(29 cm), vii, 214 pp., frontispiece. Publisher’s linen-backed boards. - Issued in 1945 and reprinted in 1949. “This excellent collection of ten essays (edited by F.C. Francis) is a particularly fitting product of the Society’s jubilee, for the Society was at the heart of the new developments in bibliography in England during the first half of the twentieth century, and the volume provides the best account yet written of the bibliographical history of that period… The authors were prominent among those who had made the field what it was, and for this reason the volume is a primary document of importance to future historians; they were also scholars, and their essays display a mastery of the areas covered and scrupulousness in forming generalizations. The work is not principally one of reminiscence but is an attempt to achieve a balanced view of the recent past, a perspective on activities in which the authors had been involved … The Studies in Retrospect volume is therefore unusual in being both primary documentation and scholarly history. As the former - and it is in fact a key document - it will obviously be of permanent use, regardless of how many other historical accounts are written. As the latter, it is worth citing here not because there is so little else to point to but because some of its essays are outstanding contributions to the history of scholarship and will remain so, no matter how excellent future treatments may prove to be” (G. Thomas Tanselle, “Bibliographical history as a field of study” in Studies in Bibliography, volume 41, 1988, pp.39-40). ¶ As new.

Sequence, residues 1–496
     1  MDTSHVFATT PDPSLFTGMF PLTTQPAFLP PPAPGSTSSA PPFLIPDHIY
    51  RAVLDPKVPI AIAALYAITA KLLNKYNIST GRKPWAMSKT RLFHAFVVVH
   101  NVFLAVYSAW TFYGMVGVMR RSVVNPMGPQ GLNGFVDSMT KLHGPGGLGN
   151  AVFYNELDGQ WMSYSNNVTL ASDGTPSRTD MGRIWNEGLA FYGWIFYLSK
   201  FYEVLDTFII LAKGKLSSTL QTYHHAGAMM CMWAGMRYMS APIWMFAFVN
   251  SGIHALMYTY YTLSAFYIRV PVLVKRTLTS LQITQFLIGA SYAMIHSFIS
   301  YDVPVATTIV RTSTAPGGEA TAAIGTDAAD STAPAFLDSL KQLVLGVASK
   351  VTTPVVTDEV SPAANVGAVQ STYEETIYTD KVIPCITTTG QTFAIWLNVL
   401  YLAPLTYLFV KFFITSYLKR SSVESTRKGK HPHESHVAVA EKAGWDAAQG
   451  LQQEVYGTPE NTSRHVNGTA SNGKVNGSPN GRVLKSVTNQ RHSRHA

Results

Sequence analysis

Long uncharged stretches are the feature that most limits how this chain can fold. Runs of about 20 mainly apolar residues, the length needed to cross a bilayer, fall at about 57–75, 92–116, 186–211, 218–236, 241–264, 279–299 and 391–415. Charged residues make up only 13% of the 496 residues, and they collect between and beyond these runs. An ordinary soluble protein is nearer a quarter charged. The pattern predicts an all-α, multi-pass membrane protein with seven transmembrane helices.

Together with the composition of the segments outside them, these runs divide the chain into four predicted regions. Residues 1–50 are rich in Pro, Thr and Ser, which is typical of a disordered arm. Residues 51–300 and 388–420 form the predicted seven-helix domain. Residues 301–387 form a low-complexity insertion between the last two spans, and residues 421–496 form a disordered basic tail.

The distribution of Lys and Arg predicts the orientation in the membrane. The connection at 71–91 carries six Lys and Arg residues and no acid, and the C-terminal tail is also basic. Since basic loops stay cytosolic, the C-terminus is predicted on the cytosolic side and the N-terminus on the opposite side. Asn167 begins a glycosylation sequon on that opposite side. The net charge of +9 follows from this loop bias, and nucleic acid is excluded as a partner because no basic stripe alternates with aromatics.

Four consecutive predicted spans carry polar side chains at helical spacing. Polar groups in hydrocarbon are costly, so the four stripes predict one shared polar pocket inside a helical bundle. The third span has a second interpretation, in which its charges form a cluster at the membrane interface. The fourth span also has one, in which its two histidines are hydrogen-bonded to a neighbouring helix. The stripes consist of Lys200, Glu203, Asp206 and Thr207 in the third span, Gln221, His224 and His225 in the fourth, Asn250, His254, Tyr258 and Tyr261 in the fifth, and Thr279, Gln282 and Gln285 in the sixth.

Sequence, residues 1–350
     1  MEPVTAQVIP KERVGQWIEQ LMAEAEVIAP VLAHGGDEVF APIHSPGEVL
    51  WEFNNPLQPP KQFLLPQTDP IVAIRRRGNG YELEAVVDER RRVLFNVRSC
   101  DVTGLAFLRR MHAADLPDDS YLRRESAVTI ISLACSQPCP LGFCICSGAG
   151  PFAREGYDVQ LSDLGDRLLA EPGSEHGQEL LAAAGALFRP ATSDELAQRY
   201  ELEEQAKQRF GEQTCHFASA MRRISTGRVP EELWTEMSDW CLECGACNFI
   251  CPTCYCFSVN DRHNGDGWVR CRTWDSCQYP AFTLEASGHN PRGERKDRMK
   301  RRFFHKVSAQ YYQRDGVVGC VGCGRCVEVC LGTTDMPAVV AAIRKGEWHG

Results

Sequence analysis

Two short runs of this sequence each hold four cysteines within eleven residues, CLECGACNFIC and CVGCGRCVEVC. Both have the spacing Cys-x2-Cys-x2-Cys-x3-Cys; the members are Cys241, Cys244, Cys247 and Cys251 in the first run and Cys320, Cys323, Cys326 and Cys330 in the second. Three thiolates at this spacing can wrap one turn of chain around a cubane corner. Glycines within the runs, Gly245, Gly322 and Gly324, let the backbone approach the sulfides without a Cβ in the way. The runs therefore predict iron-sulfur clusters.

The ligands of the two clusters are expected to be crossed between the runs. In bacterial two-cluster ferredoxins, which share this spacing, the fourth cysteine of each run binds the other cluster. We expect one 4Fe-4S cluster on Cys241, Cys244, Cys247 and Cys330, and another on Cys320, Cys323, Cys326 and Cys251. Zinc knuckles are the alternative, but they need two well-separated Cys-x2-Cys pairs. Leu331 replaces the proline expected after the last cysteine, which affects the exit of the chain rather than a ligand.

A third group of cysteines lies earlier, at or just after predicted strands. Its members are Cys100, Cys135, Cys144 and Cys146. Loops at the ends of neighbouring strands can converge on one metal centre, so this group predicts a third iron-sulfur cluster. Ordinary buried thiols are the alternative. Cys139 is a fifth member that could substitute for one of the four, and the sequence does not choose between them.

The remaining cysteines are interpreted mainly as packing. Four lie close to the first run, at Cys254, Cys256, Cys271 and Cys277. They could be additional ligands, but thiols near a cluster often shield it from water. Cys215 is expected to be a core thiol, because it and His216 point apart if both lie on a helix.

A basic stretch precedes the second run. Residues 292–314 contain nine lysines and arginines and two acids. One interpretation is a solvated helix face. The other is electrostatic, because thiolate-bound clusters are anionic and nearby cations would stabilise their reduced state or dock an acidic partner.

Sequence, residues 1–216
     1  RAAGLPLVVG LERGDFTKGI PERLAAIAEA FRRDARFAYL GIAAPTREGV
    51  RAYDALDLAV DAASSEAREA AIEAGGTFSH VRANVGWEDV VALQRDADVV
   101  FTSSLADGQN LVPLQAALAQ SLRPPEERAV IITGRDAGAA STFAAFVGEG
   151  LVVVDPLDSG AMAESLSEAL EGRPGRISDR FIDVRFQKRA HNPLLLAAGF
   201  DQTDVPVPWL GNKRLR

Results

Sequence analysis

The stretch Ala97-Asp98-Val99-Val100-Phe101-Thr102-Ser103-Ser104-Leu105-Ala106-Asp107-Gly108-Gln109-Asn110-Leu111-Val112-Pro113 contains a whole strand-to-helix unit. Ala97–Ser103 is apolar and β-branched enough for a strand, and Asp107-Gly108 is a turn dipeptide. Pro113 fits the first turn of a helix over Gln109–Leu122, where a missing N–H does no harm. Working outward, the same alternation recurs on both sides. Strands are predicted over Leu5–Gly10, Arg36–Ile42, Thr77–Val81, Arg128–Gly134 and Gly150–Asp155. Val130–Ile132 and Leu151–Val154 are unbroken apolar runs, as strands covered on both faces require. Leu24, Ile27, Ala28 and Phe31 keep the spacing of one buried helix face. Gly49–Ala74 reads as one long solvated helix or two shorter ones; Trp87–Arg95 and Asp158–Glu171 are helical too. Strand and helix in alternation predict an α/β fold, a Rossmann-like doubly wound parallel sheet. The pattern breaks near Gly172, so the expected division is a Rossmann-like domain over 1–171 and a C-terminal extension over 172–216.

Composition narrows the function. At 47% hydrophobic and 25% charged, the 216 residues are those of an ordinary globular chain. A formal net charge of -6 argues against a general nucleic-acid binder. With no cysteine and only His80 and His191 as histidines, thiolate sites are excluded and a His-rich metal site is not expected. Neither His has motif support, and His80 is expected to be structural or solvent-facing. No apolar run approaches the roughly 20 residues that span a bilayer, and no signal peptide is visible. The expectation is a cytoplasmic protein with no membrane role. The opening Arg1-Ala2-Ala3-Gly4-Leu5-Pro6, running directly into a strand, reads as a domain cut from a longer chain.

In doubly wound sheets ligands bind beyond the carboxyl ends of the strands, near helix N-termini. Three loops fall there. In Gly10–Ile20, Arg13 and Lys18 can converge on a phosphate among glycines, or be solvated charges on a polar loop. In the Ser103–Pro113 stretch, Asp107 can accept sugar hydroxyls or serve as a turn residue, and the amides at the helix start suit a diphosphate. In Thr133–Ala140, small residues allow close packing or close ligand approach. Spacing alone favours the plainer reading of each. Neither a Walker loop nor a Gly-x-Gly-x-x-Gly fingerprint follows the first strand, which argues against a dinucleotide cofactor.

(22 cm), xix (1), 253, (3), xiii pp., 24 plates. Publisher’s quarter-cloth, pictorial dust jacket. - First edition, designed by William Addison Dwiggins (1880-1956). Fascinating account of Lewis’ formation of his collection of 18th-century British prints, drawings, books, paintings and works of art, focusing particularly on Horace Walpole and his world. “It is a story which will entertain and instruct many others besides collectors and eighteenth-century specialists” (John Carter, from his review in The Times Literary Supplement, 9 May 1952, p.320). ¶ Dust jacket worn across head and foot of the spine; price clipped. Exlibris of John Thomas Lee (designed in 1921 by Sidney Lawton Smith; cf. C.E. Goodspeed & Co., Sidney Lawton Smith: designer, etcher, engraver: with extracts from his diary and a check-list of his bookplates, Boston 1931, no. 133). Good copy.